1. What is a seven sisters university? And it IS all about doing the work, to your ability, not quitting just because it gets hard or your main support evaporated. Life throws curves, but sometimes you can still catch the ball – just need a big enough mitt and fast thinking. I’m looking for fast thinking right now…

    • Bo–in the days of separate men’s and women’s universities, the Seven Sisters were the Ivy League for Women–seven liberal arts universities in the Northeastern U.S.:Barnard, Bryn Mawr, Mount Holyoke, Radcliffe, Smith, Vassar, and Wellesley. Everything you said is true. . .and very hard to remember at the right time.

  2. I think it was you that brought that quote to our attention a short while back, and I was struck to the core by it’s absoluteness, and it’s absolute beauty. In that telling phrase we are given both the space to breathe and the very reason for doing so.

    If you mean all of us are connected, I agree, yes, of course. If you mean you and me, then with a delighted grin I agree, yes, of course!

  3. Quinn, I absolutely loved the MacGuffin post, and was beside myself searching for the right words with which to tell you so. What came up last night was the thought that, in the end, no matter what path, discipline, or technique we choose, it all boils down to just ‘doing the work.’ And here you are today saying that very thing in your own inimitable and beautiful way. I also had a poignant flash of synchronicity with your “Seven Sisters, etc” byline . . . yep, it all come down to our very own choices no matter what our circumstances were or now are. Love your viewpoint and writing, as always.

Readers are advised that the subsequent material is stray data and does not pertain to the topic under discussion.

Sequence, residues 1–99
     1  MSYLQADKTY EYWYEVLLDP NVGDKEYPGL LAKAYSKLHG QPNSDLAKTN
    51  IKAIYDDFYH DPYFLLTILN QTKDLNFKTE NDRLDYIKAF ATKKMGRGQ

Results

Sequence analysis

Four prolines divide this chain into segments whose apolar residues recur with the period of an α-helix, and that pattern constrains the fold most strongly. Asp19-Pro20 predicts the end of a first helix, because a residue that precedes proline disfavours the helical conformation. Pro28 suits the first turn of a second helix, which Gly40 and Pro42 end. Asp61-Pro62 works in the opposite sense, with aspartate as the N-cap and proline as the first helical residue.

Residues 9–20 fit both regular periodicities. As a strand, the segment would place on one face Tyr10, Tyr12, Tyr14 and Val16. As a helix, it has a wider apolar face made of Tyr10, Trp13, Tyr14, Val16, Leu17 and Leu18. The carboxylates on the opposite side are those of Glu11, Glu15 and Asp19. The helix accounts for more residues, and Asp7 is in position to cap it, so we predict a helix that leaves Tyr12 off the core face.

• Yes, we are all required to “do the work.” The Talmud contains one of my favorite quotes about this–“You do not need to complete the task, neither can you put it down.” We are quite deeply connected, at a very basic level.

  4. … Hi Quinn, I’m from the West Indies.. Phil Lack’s bro.. I LOVE “Burn Notice”! …however, we ‘re probably WAAAY behind, episode-wise out here.. My sister turned me on to your ever-expanding kernels of insight.. You know, what’s true? I KNOW so much better, but when a comment is made about expanding my extensisve varieties of hobbies into commerecial ventures, I almost always counter “If I JUST ..had the money..”